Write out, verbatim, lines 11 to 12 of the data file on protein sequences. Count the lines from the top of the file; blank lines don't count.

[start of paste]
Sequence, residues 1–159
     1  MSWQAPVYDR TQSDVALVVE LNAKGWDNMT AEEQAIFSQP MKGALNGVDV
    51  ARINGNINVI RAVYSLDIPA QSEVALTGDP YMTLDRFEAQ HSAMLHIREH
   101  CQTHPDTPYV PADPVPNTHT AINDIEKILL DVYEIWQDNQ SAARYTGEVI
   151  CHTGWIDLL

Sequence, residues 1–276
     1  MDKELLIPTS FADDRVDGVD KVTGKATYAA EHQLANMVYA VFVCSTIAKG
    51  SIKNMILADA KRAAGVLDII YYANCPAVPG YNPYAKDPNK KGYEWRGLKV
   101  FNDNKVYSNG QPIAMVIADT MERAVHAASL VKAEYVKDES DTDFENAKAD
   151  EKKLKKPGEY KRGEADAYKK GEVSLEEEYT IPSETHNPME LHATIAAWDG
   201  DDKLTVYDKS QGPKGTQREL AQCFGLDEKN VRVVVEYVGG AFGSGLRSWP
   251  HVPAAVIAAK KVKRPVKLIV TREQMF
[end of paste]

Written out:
   201  DDKLTVYDKS QGPKGTQREL AQCFGLDEKN VRVVVEYVGG AFGSGLRSWP
   251  HVPAAVIAAK KVKRPVKLIV TREQMF